In particular, it would help for the documentation to say that only 1 byte needs to be watched. Also, if debugging was as simple as you say, then it is surprising that the debugger does not show where the problem is. I think the reason the debugger is as vague as it is is not because the VC developers did not bother to provide the information, I think it is because the diagnosis is not as easy as you say. If I am wrong then I apologize for being so difficult.

I think you are correct that the hardware breakpoint registers are so much more efficient that it is possible to use data breakpoints even with a slow processor. Yes, Rico, that other thread does show and explain the same problem that had the symptoms described in this thread. I currently do not have a version of the program that is getting stack corruption as described here; if I did, I would try some of Holger's suggestions. I think however that it is important to make the point that the error is difficult to diagnose.

If it is as simple as Holger says, then it would help to have a little something that says something such as what Holger says. I think it is not so simple, so there should be something saying how to diagnose the problem. One thing that seems easy for the software to do is to be specific about whether the problem is before or after the item in the stack.

The diganosis methodology I think varies based on before or after. So to be specific, if it is true that we only need to set a data breakpoint for 1 byte before the item and 1 byte after, then it would help to know that. If however the corruption can occur at a memory location more than 1 byte before lower in memory the item, then that makes diagnosis complicated. I think the error message is not clear. I understand that the error detection is new for VC and I appreciate the increased security and stability that it supports.

I think there is just a little bit more that is needed to make it more useful. Presumably, Sam has either resolved this or lost interest by now but for anyone else coming across this for the first time, this is how I encountered the same error. I had committed the schoolboy error of not allowing for the null character when executing strcpy.

Learn More. Ask a question. Quick access. Search related threads. Remove From My Forums. Asked by:. Archived Forums. Visual C. Sign in to vote. Wednesday, June 20, PM. Thursday, June 21, AM. Code Snippet. Friday, June 22, AM. Sam Hobbs wrote: I hope it is that simple. Sam Hobbs wrote: If however the stack is corrupted before LoggerThread, then it is strange that there is not a more serious problem, but at least it should be easy to diagnose the problem using breakpoints as you suggest.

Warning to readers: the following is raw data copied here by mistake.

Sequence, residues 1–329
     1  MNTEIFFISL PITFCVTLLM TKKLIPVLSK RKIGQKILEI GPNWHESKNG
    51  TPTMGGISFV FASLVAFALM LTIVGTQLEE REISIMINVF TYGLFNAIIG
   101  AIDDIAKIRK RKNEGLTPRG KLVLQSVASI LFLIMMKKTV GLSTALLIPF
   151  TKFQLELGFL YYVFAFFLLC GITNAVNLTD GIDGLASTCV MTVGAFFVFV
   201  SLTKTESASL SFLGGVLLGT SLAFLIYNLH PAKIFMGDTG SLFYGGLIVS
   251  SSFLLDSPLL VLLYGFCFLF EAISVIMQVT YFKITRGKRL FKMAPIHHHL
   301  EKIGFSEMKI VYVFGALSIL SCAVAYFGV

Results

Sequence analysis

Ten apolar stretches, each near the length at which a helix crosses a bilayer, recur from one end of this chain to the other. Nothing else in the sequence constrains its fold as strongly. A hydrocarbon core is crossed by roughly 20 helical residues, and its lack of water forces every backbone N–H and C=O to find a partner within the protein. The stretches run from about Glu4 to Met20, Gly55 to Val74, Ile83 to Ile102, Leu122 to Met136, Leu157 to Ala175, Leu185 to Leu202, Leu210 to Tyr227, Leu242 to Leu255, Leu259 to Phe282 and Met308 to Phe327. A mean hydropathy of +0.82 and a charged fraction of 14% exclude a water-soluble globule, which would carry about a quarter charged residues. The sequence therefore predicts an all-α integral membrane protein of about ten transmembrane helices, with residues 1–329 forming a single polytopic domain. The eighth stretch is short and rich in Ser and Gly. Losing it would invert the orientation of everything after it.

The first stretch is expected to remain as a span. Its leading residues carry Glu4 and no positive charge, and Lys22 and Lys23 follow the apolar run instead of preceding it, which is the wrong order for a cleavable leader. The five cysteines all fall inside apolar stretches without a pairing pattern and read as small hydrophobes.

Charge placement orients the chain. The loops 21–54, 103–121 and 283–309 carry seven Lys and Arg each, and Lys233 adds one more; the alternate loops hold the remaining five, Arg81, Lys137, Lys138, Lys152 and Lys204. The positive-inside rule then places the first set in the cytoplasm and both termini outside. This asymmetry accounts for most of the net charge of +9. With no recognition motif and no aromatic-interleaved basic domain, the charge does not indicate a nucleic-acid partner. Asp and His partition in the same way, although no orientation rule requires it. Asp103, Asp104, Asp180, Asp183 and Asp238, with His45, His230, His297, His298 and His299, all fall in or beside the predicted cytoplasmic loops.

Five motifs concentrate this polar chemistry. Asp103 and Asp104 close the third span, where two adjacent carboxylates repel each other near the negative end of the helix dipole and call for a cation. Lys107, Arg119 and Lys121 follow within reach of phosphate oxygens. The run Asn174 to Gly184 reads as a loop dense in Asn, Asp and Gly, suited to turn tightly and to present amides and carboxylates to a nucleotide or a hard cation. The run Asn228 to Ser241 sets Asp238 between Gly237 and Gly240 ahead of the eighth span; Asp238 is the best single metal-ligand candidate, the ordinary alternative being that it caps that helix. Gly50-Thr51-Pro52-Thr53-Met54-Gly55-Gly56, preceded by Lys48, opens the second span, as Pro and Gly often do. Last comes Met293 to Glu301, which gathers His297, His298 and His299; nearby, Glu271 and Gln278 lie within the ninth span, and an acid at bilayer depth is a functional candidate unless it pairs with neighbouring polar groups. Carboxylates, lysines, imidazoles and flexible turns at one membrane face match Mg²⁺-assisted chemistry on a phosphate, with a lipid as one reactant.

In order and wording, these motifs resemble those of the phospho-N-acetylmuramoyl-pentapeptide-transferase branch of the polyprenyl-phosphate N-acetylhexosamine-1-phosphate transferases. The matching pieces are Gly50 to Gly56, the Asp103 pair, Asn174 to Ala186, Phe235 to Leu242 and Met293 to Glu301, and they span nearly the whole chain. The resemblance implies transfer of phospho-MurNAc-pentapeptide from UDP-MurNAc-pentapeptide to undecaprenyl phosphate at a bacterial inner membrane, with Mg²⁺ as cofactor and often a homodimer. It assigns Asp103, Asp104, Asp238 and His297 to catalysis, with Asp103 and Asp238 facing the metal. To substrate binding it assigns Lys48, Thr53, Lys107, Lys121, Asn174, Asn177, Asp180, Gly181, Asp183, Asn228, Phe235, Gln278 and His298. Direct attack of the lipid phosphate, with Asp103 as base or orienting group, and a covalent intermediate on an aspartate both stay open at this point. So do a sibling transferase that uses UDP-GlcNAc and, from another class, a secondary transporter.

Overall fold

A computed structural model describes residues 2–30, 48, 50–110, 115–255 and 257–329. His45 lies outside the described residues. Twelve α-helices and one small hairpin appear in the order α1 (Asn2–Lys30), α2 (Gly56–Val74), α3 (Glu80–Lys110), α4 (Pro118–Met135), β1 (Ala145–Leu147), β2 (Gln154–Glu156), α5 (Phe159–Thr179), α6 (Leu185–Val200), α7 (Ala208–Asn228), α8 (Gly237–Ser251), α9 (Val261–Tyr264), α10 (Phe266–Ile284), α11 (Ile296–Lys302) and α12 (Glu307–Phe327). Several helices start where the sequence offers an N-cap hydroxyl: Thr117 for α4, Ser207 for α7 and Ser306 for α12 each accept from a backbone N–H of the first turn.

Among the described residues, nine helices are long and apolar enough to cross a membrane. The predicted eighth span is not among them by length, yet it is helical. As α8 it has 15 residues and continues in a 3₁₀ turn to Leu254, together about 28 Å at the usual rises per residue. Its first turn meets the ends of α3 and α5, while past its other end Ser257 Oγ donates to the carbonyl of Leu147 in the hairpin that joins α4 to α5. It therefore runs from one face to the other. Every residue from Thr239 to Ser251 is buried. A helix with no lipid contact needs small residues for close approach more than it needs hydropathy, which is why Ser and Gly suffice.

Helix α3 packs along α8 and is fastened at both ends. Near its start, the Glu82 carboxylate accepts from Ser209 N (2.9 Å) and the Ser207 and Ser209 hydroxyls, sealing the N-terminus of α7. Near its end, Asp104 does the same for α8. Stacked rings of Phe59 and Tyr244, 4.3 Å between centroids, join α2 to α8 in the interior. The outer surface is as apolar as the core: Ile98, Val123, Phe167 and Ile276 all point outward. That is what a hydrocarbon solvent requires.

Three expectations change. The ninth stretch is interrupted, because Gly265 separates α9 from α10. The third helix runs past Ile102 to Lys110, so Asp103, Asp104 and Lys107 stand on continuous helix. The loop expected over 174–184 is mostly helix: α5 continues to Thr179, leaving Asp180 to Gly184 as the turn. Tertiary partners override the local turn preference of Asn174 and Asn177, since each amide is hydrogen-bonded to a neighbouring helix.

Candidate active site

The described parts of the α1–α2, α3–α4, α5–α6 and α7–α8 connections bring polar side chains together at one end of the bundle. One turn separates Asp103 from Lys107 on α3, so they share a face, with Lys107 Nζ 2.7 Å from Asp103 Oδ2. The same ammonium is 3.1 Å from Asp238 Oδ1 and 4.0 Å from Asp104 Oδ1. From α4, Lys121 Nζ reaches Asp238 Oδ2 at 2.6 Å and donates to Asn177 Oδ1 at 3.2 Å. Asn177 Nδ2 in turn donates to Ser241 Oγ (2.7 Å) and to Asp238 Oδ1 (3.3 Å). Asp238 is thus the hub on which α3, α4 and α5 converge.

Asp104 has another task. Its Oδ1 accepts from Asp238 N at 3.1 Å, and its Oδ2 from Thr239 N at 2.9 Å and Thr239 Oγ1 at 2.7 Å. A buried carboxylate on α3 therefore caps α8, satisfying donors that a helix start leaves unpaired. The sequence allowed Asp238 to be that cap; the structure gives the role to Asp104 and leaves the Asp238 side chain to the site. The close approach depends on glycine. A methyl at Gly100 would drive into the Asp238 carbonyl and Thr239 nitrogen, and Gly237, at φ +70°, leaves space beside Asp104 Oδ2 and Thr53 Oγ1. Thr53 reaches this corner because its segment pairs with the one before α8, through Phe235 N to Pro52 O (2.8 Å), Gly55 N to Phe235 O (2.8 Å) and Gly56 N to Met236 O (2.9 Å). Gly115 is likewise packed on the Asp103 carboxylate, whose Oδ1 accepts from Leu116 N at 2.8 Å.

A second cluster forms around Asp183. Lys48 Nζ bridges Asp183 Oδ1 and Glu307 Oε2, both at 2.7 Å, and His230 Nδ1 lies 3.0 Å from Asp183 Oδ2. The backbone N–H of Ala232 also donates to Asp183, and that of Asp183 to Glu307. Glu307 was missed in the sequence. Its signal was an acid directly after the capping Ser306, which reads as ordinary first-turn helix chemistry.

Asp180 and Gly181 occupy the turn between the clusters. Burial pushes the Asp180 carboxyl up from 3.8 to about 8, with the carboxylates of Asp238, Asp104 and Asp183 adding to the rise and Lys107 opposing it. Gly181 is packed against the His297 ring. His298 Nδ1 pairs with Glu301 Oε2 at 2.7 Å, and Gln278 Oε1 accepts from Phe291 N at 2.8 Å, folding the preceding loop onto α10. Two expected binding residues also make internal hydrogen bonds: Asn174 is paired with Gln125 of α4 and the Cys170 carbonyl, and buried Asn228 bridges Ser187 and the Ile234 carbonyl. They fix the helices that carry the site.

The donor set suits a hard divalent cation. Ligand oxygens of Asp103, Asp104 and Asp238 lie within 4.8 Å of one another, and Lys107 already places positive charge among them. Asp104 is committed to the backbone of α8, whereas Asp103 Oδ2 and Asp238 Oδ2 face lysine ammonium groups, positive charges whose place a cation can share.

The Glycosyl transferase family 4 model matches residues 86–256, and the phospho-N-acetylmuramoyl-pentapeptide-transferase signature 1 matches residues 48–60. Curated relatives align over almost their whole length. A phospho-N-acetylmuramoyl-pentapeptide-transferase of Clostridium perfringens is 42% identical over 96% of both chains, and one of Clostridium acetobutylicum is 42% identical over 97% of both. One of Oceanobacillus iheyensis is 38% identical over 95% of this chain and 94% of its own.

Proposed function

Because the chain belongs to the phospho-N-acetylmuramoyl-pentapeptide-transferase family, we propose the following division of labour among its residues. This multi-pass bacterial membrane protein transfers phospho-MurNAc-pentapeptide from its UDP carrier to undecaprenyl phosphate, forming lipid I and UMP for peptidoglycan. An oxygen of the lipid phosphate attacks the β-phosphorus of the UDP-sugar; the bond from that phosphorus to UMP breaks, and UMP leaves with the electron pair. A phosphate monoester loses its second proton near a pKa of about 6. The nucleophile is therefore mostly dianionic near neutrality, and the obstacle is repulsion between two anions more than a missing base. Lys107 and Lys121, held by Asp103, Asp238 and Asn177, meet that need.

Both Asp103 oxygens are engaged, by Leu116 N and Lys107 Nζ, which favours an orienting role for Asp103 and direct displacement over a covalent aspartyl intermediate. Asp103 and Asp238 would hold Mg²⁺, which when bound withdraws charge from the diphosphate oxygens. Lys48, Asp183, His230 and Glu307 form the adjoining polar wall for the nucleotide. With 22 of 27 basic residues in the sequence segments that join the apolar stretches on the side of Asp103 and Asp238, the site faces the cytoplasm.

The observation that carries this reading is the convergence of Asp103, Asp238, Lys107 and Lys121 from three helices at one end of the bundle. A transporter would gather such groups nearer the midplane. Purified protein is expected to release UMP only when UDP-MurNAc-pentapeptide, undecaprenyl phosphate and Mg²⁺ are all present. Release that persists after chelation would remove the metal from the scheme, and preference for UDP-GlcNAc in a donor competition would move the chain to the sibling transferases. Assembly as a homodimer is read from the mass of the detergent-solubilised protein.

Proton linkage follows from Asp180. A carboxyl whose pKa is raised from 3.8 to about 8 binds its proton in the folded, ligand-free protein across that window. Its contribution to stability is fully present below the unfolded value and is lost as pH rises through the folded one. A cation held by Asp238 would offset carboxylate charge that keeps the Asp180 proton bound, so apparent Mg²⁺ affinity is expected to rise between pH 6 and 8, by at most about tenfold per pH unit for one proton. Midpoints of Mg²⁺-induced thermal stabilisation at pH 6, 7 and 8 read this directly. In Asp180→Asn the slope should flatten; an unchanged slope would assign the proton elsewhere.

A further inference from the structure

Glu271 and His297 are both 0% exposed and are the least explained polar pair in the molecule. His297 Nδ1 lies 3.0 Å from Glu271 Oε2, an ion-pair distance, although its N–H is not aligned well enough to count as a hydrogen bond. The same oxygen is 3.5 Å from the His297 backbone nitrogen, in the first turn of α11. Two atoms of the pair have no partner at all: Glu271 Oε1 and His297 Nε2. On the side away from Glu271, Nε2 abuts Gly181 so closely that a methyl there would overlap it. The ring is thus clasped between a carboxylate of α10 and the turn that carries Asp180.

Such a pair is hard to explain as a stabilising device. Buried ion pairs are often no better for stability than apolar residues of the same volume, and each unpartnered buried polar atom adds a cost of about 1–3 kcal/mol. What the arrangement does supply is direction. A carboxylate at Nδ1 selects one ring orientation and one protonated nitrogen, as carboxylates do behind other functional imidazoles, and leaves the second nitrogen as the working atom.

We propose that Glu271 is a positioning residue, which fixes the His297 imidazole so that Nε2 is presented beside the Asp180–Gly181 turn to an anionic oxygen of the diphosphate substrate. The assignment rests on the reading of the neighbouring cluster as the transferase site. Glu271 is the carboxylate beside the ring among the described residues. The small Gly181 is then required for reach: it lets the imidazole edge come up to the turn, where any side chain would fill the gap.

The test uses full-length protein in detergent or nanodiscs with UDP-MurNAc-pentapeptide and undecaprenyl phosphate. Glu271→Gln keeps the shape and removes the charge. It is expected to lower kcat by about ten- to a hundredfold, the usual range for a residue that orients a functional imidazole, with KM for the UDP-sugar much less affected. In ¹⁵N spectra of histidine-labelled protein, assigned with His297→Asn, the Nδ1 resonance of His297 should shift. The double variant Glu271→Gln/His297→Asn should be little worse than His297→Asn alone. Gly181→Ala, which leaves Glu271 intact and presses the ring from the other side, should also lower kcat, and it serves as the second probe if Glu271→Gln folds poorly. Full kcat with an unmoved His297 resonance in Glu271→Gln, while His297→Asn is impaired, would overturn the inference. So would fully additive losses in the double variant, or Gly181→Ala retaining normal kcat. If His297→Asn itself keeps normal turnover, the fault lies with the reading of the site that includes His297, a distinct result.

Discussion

Sam Hobbs wrote: I apologize for sounding as if I am criticizing. Friday, June 22, PM. Saturday, June 23, AM. Sam Hobbs wrote: Holger Grund wrote: Hey, these data breakpoints are really not that hard to use ;-. Sam Hobbs wrote: One of us does not understand. So for example if we have: Code Snippet. Sunday, June 24, PM. Holger Grund wrote: You probably haven't set the breakpoints in the correct way again you should calculate the address yourself and leave the context empty so that the hardware debug breakpoint registers can be used.

Holger Grund wrote: There are only two bytes that you should be interested in: the one before the clobbered local and the one after. Holger Grund wrote: Also, do note that scoped data breakpoints have had some performance problems. Sam Hobbs wrote: I managed to cut the code down to a small sample that reproduces the problem, or at least a problem.

Monday, June 25, AM. Monday, June 25, PM. I was getting an error similar to this using MS VS I traced the problem back to an array in the class of the variable mentioned in the error message and it was not defined. Therefore when the function tried to write to the array it caused a stack error. Tuesday, July 3, PM. I encountered this problem when reading pointers. I knew that I was not reading beyond the dynamic variables boundary, I even made a loop that couldn't possibly go past it.

It turned out that the method of initialization was the cause of the error. I created a variable then fed my pointer that variables address as a start of a linked list. Even though no boundary was violated in practice in theory I had gone beyond the boundary of initial variable. Even have a textbook saying it is perfectly valid.

Sorry, but we can't do that for you - time for you to learn a new and very, very useful skill: debugging! Posted Jun pm OriginalGriff. Add your solution here. OK Paste as. Treat my content as plain text, not as HTML. Existing Members Sign in to your account. This email is in use. Do you need your password? Submit your solution! When answering a question please: Read the question carefully. Understand that English isn't everyone's first language so be lenient of bad spelling and grammar.

If a question is poorly phrased then either ask for clarification, ignore it, or edit the question and fix the problem. Insults are not welcome. Don't tell someone to read the manual. Chances are they have and don't get it. Provide an answer or move on to the next question. Let's work to help developers, not make them feel stupid. Related Questions. Run-time check failure 2 - stack around the variable 'arr' was corrupted. Run-Time Check Failure 2 - Stack around the variable 'length' was corrupted.

Variable Stack Corruption. Run-Time Check Failure 2 - Stack around variable 'thread no' was corrupted. Stack around the variable is corrupted. Another 'Stack around the variable was corrupted. In android studio 4. How to solve this run time error? Layout: fixed fluid. Web02 2. Strip HTML. Encode HTML. Paste as-is. Code block.